Ryan CartierBusiness / Lean Transformation

Driver of Lean implementation at over 8 companies, directly coaching from front line to owners, general management and/or CEO in this growth strategy.
Focusing on Lean Product & Process Development the last few years.

Recent Answers

Be prepared a lot of people will not sign an NDA.
Reasons include:

- they have multiple interests, and may already have something similar, or may identify someone who can execute in the future; an NDA prevents them from pursuing this in the future or possibly moving ahead on current developments

- you need them more than they need you; you have no leverage, that's why you're asking for their help.

It sounds like you are not looking for a technical expert, you're looking for a business expert.
- customers are your experts that provide feedback on feasibility;
have you launched a minimum viable product to obtain feedback through?

I highly recommend learning lean startup methods and evaluating whether they offer a better route. They will help you learn regardless of who you discuss with, and
it may be easier & faster to engage experts *who will USE the product
than those who will have an opinion on the product.

- Produce content of value to potential renters about their area/s of interest, and distribute using the free platforms available. This will help build brand.

- Produce content to educate renters about the equipment, how to use, how to repair, how to service, so they can see how easy it is. (Distribute using the free platforms)

- Produce content to educate renters on better construction practices, so they can improve their business. Creating value this way both builds brand and grows your customers business

Contact multiple orchestra's.
I know one in southern Ontario has already taken their performances online;
if your proposed vision is enticing and benefits them you might be able to collaborate with several orchestra's for a performance.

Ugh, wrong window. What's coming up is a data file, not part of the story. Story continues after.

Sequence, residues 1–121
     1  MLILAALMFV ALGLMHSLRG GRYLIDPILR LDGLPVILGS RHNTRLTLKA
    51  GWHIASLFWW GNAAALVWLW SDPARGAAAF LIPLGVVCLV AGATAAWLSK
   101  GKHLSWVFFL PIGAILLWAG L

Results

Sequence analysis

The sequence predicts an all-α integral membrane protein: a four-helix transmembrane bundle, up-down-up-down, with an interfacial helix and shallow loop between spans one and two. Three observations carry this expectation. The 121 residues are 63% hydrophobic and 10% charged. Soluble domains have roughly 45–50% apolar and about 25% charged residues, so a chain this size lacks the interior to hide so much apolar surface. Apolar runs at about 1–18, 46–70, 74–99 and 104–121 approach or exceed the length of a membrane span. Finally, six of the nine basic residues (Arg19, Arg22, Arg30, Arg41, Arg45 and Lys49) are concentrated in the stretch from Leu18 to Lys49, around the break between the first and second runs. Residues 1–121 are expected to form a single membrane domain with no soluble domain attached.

Why do you want 1000 participants?

Start experimenting by putting the 2 things in place you say you are missing:
1. create a validated learning model
2. Stop focusing on vanity metrics; replace with user growth, cohort analysis or growth metrics.

Do not just read Lean principles; APPLY them.

What are you doing to brand your company?
What are you doing to engaging people who have the problem your service solves?
Does it actually solve their problem? Do you know what their problems are? What do THEY think their problems are?

Do you actually mean Lean Product and Process Development?
If so, great examples you can find are:
Toyota, Goodyear, Harley Davidson, Ping, Ford, and recently I notice TechnipFMC Schilling Robotics.

You can also find articles on companies that haven't adopted this as a business strategy yet have had success applying it in a specific product development effort, such as Metso Neles NDX intelligent valve controller.

If you're building in China, your IP isn't protected. You also incur travel costs, long transit times, quality issues that increase product development time, Chinese New Year shut down (for weeks), etc. and the wage gap between the US & China is closing. A lot of 'leading' companies do not fully understand the real cost of offshoring. Search 'Reshoring Initiative TCO' and use the total cost of ownership calculator. Cost is not the only reason, product development is also a factor. There's a reason why Toyota moves to local markets. It's the same reason many Chinese companies move to the US.

Not in the last 14 companies, or any of the start-ups, have we had a need to purchase any so called 'lean software'. A lot of companies are selling the idea 'our software makes you lean' - it doesn't - the CEO drives lean. I've yet to come across a vendor charging for something you can't do without them in house at little to no cost. Try a whiteboard

You 'know' it is content driven, user based, and simplifying feeds this. You assume investors are needed. Why do you think it will not generate revenue? How does it make money? Try to prove your concept will fail and you may not need to ask them. Read the Lean Start-Up

Yes, in order to explain your idea a model will be helpful, which you can also take photos of to support your description online.
Consider using drone parts to build a cheap small scale functioning prototype.
Drawings can help, whether engineering or illustrations (what ever is cheaper to start) and support your description online.
Understand the trade off involved for VC money - how much equity and control you are willing to lose in exchange for this.
Figure out how much money would be required, even if only estimating the parts list at first, and what you need to be selling to determine if it's a potentially profitable venture before spending time on it.
How much are cargo drones costing? What can you learn from these?
How can you validate whether you've identified a buying market for this?

Read 'Venture Deals 2nd Ed' by Feld to prepare - pound through it over a week if you're tight for time. A pdf is available online if you can't get the paper copy.

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